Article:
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A list of cool Chrome DevTools Tips and Tricks

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The Chrome DevTools provide an amazing set of tools to help you develop on the Web platform. Here are a few tips you might not know yet

Check out the overview of Chrome DevTools if you’re new to them

Drag and Drop in the Elements panel

In the Elements panel you can drag and drop any HTML element and change its position across the page

Drag and Drop in the Elements Panel

Reference the currently selected element in the Console

Select a node in the Elements panel, and type $0 in the console to reference it.

Reference elements in the Console

Tip: if you’re using jQuery, you can enter $($0) to access the jQuery API on this element.

Use the value of the last operation in the Console

Use $_ to reference the return value of the previous operation executed in the Console

Use the last result

Add CSS and edit the element state

In the Elements panel there are 2 super useful buttons.

The first lets you add a new CSS property, with any selector you want but pre-filling the currently selected element:

Add a CSS rule

The second one lets you trigger a state for the selected element, so you can see the styles applied when it’s active, hovered, on focus.

Element state

Find where a CSS property is defined

cmd-click (ctrl-click on Windows) a CSS property in the Elements panel, the DevTools will point you to the place where that is defined, in the Source panel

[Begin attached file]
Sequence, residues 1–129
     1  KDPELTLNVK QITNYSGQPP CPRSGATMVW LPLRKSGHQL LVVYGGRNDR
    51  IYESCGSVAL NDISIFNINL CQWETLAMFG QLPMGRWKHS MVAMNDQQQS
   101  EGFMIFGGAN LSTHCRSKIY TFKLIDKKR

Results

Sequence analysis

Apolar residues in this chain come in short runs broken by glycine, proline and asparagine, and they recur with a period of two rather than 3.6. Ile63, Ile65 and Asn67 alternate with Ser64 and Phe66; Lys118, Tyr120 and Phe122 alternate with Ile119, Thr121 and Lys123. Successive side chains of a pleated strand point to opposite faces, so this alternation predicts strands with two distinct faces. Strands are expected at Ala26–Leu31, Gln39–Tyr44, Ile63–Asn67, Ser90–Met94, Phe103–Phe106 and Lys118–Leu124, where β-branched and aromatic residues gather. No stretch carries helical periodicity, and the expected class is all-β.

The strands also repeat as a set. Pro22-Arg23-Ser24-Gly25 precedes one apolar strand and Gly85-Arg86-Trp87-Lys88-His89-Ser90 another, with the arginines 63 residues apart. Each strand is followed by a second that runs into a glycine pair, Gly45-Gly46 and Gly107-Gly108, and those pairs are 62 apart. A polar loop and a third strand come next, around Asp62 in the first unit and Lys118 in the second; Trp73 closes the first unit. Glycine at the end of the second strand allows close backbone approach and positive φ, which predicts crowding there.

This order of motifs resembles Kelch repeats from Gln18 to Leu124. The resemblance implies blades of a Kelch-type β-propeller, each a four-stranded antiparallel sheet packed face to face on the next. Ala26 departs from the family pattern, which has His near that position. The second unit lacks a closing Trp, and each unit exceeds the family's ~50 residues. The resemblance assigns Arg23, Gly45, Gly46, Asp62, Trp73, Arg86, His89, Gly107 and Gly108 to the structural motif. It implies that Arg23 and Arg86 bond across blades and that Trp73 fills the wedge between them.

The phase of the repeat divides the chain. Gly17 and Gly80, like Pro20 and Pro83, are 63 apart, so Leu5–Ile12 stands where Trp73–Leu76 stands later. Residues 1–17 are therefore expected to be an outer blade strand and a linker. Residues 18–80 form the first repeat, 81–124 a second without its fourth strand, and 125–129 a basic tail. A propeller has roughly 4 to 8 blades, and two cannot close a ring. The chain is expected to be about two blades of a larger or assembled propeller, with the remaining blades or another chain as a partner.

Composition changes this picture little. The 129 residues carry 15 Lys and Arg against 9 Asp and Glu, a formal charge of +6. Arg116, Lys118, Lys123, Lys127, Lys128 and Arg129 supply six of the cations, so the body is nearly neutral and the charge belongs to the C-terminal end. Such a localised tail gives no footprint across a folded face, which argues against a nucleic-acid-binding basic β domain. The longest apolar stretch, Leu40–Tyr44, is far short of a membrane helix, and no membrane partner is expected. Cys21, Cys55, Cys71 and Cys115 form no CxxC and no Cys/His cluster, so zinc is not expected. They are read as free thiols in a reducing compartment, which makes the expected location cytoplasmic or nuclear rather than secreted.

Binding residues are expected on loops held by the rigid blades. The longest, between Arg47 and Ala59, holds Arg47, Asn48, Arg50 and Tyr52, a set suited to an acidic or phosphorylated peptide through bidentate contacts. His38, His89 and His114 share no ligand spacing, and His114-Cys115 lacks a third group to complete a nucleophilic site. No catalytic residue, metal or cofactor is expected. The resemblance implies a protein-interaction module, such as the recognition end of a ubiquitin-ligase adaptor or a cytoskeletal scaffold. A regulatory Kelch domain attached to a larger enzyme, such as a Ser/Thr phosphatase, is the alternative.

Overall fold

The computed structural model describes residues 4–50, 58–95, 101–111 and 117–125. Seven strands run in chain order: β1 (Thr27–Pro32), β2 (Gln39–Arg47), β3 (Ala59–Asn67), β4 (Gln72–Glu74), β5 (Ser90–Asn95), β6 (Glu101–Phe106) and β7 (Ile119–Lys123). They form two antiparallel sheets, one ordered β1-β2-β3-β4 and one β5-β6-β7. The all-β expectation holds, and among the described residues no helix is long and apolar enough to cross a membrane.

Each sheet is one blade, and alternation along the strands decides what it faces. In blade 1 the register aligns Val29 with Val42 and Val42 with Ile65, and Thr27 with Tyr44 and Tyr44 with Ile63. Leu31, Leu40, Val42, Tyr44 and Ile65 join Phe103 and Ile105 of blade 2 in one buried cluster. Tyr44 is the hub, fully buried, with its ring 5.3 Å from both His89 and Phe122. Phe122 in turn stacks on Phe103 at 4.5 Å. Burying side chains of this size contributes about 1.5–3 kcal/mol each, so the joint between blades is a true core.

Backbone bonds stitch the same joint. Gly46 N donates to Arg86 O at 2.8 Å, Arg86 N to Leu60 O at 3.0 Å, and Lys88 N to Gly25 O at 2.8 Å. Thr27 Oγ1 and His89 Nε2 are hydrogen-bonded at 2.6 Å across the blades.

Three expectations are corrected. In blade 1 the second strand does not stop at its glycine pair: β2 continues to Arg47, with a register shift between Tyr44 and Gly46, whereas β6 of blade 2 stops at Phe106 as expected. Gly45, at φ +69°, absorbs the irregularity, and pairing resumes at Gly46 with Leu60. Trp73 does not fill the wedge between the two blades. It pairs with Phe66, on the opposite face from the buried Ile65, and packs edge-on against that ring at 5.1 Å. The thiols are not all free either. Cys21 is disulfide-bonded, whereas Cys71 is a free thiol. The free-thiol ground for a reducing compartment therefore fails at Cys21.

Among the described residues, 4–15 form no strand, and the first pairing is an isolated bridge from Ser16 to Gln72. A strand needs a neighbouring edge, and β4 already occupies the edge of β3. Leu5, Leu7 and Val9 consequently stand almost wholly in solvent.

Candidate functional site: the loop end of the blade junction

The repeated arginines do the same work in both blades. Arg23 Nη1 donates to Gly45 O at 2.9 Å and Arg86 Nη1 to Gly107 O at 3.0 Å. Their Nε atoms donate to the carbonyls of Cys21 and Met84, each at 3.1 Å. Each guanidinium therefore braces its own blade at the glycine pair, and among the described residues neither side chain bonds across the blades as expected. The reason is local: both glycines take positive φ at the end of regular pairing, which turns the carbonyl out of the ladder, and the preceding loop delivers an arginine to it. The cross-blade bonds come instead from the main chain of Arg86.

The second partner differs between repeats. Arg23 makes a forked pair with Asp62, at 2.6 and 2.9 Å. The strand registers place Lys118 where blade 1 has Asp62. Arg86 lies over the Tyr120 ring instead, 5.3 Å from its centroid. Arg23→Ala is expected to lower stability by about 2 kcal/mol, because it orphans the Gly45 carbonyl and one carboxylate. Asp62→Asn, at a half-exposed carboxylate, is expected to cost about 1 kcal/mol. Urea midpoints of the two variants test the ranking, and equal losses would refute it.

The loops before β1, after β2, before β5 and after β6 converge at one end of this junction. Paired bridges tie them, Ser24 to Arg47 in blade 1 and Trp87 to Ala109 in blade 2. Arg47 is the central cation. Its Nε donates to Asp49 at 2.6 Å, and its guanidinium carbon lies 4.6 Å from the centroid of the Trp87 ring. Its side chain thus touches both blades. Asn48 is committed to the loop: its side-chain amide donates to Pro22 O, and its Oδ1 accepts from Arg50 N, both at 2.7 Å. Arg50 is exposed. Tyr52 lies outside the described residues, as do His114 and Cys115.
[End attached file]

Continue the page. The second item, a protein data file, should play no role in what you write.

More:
Find where a CSS property is defined

Save to file the modified CSS

Click the name of the CSS file that you edited. The inspector opens it into the Sources pane and from there you can save it with the live edits you applied.

This trick does not work for new selectors added using +, or into the properties, but only for modified, existing ones.

Save to File the modified CSS

Screenshot a single element

Select an element and press cmd-shift-p (or ctrl-shift-p in Windows) to open the Command Menu, and select Capture node screenshot

Screenshot a single element

Find an element using CSS selectors

Pressing cmd-f (ctrl-f in Windows) opens the search box in the Elements panel.

You can type any string in there to match the source code, or you can also use CSS selectors to have Chrome generate an image for you:

Find an element using CSS selectors

Shift-enter in the Console

To write commands that span over multiple lines in the Console, press shift-enter.

Once you’re ready, press enter at the end of the script to execute it:

Shift-enter in the Console

Clear the Console

You can clear the console using the Clear button on the top-left of the console, or by pressing ctrl-l or cmd-k.

Go to…

In the Sources panel:

Files list

Watch Expression

Instead of writing again and again a variable name or an expression you are going to check a lot during a debug session, add it to the Watch Expression list.

Watch Expressions

XHR/Fetch debugging

From the debugger open the XHR/Fetch Breakpoints panel.

You can set it to break any time an XHR / Fetch call is sent, or just on specific ones:

XHR and Fetch debugging

Debug on DOM modifications

Right-click an element and enable Break on Subtree Modifications: whenever a script traverses that element children and modifies them, the debugger stops automatically to let you inspect what’s happening.

Debug on DOM modifications

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